This study evaluates the onset and offset of neural inspiratory time estimated from surface diaphragm electromyographic (EMGdi) recordings. EMGdi and airflow signals were recorded in ten healthy subjects according to two respiratory protocols based on respiratory rate (RR) increments, from 15 to 40 breaths per minute (bpm), and fractional inspiratory time (Ti/Ttot) decrements, from 0.54 to 0.18. The analysis of diaphragm electromyographic (EMGdi) signal amplitude is an alternative approach for the quantification of neural respiratory drive (NRD). The EMGdi amplitude was estimated using the fixed sample entropy computed over a 250 ms moving window of the EMGdi signal (EMGdifse). The neural onset was detected through a dynamic threshold over the EMGdifse using the kernel density estimation method, while neural offset was detected by finding when the EMGdifse had decreased to 70 % of the peak value reached during inspiration. The Bland-Altman analysis between airflow and neural onsets showed a global bias of 46 ms in the RR protocol and 22 ms in the Ti/Ttot protocol. The Bland-Altman analysis between airflow and neural offsets reveals a global bias of 11 ms in the RR protocol and -2 ms in the Ti/Ttot protocol. The relationship between pairs of RR values (Pearson’s correlation coefficient of 0.99, Bland- Altman limits of -2.39 to 2.41 bpm, and mean bias of 0.01 bpm) and between pairs of Ti/Ttot values (Pearson’s correlation coefficient of 0.86, Bland-Altman limits of -0.11 to 0.10, and mean bias of -0.01) showed a good agreement. In conclusion, we propose a method for determining neural onset and neural offset based on non-invasive recordings of the electrical activity of the diaphragm that requires no filtering of cardiac muscle interference.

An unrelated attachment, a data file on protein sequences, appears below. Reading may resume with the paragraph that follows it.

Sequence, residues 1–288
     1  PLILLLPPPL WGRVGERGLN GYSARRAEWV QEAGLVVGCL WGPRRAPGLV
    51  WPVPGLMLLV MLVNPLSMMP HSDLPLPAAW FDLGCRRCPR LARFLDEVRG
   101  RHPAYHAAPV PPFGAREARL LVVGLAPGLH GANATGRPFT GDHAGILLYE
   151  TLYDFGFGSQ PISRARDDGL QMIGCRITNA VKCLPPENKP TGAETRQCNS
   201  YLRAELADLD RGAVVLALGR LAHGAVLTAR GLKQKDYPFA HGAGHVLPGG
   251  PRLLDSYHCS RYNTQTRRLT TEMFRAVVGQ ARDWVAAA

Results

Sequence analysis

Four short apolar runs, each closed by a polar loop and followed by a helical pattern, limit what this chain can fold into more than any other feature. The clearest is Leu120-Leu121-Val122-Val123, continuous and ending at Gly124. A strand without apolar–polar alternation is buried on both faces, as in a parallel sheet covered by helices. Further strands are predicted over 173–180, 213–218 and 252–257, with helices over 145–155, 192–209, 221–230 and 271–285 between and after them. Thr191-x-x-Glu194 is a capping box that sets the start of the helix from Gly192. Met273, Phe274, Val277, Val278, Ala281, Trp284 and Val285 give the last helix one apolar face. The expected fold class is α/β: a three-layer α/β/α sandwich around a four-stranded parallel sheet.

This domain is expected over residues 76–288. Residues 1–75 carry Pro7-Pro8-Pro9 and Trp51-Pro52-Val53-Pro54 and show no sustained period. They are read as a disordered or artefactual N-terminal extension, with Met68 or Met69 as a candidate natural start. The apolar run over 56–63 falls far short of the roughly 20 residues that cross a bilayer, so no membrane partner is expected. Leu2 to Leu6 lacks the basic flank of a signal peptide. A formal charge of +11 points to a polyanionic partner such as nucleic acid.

JTD Keywords: Kernel density estimation (KDE),, Surface diaphragm electromyographic,, (EMGdi) signal,, Inspiratory time,, Neural respiratory drive (NRD),, Neural inspiratory time,, Fixed sample entropy (fSampEn)


Bosch, M., Castro, J., Sur, M., Hayashi, Y., (2017). Photomarking relocalization technique for correlated two-photon and electron microcopy imaging of single stimulated synapses Synapse Development - Methods and Protocols (Methods in Molecular Biology) (ed. Poulopoulos , A.), Humana Press (New York, USA) 1538, 185-214

Synapses learn and remember by persistent modifications of their internal structures and composition but, due to their small size, it is difficult to observe these changes at the ultrastructural level in real time. Two-photon fluorescence microscopy (2PM) allows time-course live imaging of individual synapses but lacks ultrastructural resolution. Electron microscopy (EM) allows the ultrastructural imaging of subcellular components but cannot detect fluorescence and lacks temporal resolution. Here, we describe a combination of procedures designed to achieve the correlated imaging of the same individual synapse under both 2PM and EM. This technique permits the selective stimulation and live imaging of a single dendritic spine and the subsequent localization of the same spine in EM ultrathin serial sections. Landmarks created through a photomarking method based on the 2-photon-induced precipitation of an electrodense compound are used to unequivocally localize the stimulated synapse. This technique was developed to image, for the first time, the ultrastructure of the postsynaptic density in which long-term potentiation was selectively induced just seconds or minutes before, but it can be applied for the study of any biological process that requires the precise relocalization of micron-wide structures for their correlated imaging with 2PM and EM.